Gabriele Pala

Extended Range Guitars & Chapman Stick Player

Why so many strings?

22 February 2015 - - Theory & Philosophy

A lot of people, mostly from the places I live in, continuously ask me why I need to use guitars and instruments with more strings than what it should normally be (6 for guitars and 4 for bass). Somebody even complain about this, saying that “they are not needed”.

At a first glance, they are right: they are not actually needed in order to produce “good music”. With the term “good music” we can imagine a memorable melody, something to sing or move the body along, or even something like a simple riff or a chord sequence. Did Ritchie Blackmore need an 8 string guitar to write the iconic Smoke On The Water riff? No! So, yes, they are right… all these things can be produced with few notes, then few strings.

So, again, why so many strings?

Well, my main response is basically that I don’t like the guitar! Surprised? Let me explain 😉

For me, the guitar, like any other instrument, it’s a tool, a dead piece of wood and other fancy metallic artifacts that I use to produce my music. The name itself is meaningful: “musical instrument”. It’s like a wrench or a screwdriver or a drill. It just serves a purpose. It’s not the purpose itself. That’s all for me.

As a tool, it should provide all the possibilities to produce the sounds I have in mind, it should provide enough “stuff” to play whatever I want on it. We can make a better example by comparing playing music with speaking with somebody (actually making music a form communication – and not only, but that will be discussed in another post)

At this point, it’s clearly evident that we cannot mess up the order of these things to make an effective communication, thus it’s again evident that the guitar is just a simple mean of sound emission, and it should allow me to pronounce my message, whatever it is.

In my musical vision, the message simply needs a lot of extension, spreading from very low notes to very high-pitched sound. I like to use wide-voiced chords. So I need musical “tools” that enables me to play those notes. I don’t mean that I constantly use the extreme sides of the spectrum, but, when I need them, they are there!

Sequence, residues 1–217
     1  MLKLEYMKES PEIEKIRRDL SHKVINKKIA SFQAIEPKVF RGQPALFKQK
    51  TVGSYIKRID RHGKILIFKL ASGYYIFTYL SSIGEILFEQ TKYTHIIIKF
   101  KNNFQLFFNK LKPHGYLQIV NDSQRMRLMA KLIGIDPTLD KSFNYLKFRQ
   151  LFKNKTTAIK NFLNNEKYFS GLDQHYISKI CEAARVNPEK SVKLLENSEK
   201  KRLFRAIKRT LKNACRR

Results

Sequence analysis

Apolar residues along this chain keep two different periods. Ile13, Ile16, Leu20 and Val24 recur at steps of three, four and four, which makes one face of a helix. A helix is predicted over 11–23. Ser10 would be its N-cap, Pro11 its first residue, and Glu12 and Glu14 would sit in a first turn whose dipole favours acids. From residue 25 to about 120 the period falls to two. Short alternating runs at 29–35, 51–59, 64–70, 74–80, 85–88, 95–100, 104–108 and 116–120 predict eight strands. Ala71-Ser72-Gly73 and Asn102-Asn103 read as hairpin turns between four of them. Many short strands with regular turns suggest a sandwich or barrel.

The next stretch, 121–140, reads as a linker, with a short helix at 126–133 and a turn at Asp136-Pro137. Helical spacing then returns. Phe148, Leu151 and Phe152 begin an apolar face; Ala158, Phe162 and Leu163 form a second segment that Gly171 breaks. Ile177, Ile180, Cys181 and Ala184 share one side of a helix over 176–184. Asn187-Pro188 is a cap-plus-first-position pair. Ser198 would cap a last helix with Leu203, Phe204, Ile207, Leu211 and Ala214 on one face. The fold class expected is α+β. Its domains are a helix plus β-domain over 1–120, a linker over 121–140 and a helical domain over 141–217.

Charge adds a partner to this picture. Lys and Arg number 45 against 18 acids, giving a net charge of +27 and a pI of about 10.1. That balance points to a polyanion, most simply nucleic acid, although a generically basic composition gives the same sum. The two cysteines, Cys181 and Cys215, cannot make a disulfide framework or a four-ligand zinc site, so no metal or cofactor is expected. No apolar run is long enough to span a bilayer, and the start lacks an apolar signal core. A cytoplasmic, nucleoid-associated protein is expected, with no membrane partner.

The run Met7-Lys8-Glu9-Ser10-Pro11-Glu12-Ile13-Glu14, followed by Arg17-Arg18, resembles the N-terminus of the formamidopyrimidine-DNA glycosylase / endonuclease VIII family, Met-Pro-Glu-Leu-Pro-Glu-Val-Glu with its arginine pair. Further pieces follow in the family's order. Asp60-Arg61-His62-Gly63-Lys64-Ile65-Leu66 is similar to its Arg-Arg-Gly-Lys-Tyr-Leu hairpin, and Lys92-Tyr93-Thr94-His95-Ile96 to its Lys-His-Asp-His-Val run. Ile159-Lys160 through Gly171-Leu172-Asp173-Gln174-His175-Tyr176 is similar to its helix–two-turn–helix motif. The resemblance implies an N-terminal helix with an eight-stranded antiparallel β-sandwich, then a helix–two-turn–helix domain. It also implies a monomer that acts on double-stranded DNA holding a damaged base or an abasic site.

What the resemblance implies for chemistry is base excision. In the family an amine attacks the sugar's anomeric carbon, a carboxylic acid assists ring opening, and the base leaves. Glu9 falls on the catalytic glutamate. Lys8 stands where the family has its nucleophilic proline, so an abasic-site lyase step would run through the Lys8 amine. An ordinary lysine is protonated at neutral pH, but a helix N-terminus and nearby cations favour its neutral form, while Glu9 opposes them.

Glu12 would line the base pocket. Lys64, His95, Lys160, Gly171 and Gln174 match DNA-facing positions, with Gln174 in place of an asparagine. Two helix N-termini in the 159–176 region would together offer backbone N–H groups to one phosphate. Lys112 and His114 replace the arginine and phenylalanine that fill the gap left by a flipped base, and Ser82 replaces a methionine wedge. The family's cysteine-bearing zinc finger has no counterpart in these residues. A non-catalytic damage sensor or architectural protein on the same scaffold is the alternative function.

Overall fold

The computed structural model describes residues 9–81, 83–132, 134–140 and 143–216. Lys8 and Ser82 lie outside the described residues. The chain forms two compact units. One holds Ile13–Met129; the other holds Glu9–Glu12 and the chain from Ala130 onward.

Having an 8 string guitar doesn’t mean that I always play Meshuggish chugs on the thickest strings: a lot of other things can be done, like expanding the sound of some chords or adding a bass line to a melody when a bass is not available or busy to play something else in the arrangement. A lot of time the lowest strings are not even used for entire periods.

Another example is piano. 88 notes, with more than 7 octaves of range. Did anybody ever complained about that? No, right? Why? At a simple glance, piano is actually the king of all extended range instruments, with more lows and more highs than anything else, but it’s commonly accepted.

There is another point, this time guitar specific. Most of the people have a very low level of musical education, the just know the mainstream names of the past and the present (there’s no need to name them), and they think that guitar is just that, because all these great guys use a 6-strings guitar. They don’t know that guitar was initially derived from the lute and started its life with 10 strings like the lute, and this form of guitar actually lasted for many decades. Only from late 1800 our beloved guitar shrinked down to a 6 strings instruments and remained like that till our days, assuming the role of “instruments for the masses” (less strings is considered easier to play – even if it’s not – cheaper and more accepted). Nowadays we are returning to the origins of the instrument. It seems that the 8 strings guitar is becoming a sort of standard, thanks to people like Meshuggah or Animals As Leaders, who founded en entire movement of extended range guitarists.

Guitar brands are also following this trend, producing a lot of extra strings models. Every season they are adding more, 8…9… are we returning to the real 10 strings guitar? 😉

Remember: all strings are there to give further possibility, but expression should remain to you: don’t be a slave of the instruments, whatever it is and whatever the number of its strings is: you are master!

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